06 June 2011

The Pachauri Exception?

The Intergovernmental Panel on Climate Change recently adopted a major new policy for overseeing conflicts of interest among its leaders and authors. I was very supportive of the proposed policy when it was first announced.  But according to several, independent colleagues inside and outside of the IPCC, the organization still has a major decision to make on the proposed policy -- when does it come into effect?

The question that the IPCC apparently has yet to resolve is whether the new policy is to apply to participants in its fifth (current) assessment report or whether to defer application of the new policy until subsequent reports.  This looming decision has -- as far as I can tell -- not been reported or openly discussed.  (If the details on this decision that have been reported to me are incorrect, IPCC officials invited to set the record straight.)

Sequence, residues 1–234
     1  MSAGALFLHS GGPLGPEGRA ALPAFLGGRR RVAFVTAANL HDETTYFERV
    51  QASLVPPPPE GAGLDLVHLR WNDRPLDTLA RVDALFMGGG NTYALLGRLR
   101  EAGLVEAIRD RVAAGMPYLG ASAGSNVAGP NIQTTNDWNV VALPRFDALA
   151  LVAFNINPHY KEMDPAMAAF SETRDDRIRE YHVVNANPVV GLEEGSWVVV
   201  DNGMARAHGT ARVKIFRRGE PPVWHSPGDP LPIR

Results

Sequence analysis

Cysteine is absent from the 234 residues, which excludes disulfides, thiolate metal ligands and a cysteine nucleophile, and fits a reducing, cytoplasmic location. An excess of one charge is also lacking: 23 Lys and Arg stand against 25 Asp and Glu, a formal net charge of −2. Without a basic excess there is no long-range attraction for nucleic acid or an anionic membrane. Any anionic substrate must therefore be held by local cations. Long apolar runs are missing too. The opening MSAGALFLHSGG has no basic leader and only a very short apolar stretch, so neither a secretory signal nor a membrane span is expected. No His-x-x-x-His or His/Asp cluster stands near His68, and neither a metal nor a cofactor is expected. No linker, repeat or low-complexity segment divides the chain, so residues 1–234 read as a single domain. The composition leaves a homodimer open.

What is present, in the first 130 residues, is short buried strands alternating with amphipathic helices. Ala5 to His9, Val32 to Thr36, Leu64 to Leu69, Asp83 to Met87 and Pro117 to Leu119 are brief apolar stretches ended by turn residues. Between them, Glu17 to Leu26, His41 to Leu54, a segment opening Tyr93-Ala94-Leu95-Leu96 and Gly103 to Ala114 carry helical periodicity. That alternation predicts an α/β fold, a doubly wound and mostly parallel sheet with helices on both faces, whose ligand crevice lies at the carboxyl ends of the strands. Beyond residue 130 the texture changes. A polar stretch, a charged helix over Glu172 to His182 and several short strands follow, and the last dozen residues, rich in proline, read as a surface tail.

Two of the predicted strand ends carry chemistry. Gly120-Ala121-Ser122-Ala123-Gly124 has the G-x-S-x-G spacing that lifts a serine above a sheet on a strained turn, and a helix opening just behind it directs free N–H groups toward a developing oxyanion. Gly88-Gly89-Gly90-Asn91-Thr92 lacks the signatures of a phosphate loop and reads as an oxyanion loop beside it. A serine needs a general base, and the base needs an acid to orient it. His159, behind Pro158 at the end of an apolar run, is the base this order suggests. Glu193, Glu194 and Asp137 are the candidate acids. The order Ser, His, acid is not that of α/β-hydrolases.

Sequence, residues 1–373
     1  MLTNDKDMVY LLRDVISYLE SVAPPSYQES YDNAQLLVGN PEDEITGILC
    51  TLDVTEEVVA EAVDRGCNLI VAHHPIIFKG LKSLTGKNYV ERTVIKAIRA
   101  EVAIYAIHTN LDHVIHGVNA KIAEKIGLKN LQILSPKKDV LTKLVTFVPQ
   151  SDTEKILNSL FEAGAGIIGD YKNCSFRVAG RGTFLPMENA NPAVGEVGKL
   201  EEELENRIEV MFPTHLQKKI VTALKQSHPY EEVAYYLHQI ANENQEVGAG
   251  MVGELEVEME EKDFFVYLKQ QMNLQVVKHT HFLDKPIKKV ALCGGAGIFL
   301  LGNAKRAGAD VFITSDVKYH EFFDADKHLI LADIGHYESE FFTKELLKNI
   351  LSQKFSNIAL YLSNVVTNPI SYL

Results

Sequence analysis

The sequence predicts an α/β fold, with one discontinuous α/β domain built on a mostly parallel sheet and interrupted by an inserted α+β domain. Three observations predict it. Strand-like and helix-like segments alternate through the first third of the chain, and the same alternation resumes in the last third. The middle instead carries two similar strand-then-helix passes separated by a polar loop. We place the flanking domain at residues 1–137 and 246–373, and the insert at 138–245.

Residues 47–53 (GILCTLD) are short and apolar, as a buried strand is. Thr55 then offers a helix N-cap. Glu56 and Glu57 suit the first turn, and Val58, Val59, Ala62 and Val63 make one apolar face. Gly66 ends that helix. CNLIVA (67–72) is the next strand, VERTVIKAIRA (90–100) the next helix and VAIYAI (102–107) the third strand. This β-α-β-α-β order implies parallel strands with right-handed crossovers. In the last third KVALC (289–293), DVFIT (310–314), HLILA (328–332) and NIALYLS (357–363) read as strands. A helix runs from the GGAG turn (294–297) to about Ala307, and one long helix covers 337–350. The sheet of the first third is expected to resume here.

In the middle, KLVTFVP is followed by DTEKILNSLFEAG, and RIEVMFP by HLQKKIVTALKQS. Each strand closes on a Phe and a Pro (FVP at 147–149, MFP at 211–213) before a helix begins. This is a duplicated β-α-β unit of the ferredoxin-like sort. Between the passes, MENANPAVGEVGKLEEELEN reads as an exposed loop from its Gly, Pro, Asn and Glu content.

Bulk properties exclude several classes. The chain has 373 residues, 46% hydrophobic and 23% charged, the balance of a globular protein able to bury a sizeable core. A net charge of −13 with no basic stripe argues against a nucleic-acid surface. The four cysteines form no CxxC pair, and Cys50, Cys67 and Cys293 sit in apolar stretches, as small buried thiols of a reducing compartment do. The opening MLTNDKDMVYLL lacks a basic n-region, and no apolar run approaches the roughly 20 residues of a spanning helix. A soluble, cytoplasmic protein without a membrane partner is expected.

The challenge faced by the IPCC is significant. Under the adopted policy it is inconceivable that its current chairman, Rajendra Pachauri, could continue to serve.  Presumably, other participants would also fail to meet the high standards of the new policy.  This would mean major change in the organization.

But if the IPCC decides to defer application of the new policy to future assessment reports it will risk being labelled unaccountable and even a farce by making a mockery of conflict of interest.  A third option of implementing the policy but not enforcing it is possible, but seems unlikely, given the complete loss of credibility that would result.

What will the IPCC do?  There is no easy choice.  But at this point, does anyone really care?